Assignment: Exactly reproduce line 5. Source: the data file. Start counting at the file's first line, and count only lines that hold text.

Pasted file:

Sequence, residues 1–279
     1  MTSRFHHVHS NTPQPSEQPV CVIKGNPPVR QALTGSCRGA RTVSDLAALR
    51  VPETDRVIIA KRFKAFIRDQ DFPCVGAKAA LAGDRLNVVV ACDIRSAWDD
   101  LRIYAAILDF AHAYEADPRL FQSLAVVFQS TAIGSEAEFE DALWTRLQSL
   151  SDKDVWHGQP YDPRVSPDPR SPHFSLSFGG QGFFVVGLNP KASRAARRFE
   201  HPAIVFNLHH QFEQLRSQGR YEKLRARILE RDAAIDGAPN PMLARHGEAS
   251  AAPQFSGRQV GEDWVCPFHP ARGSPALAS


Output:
   151  SDKDVWHGQP YDPRVSPDPR SPHFSLSFGG QGFFVVGLNP KASRAARRFE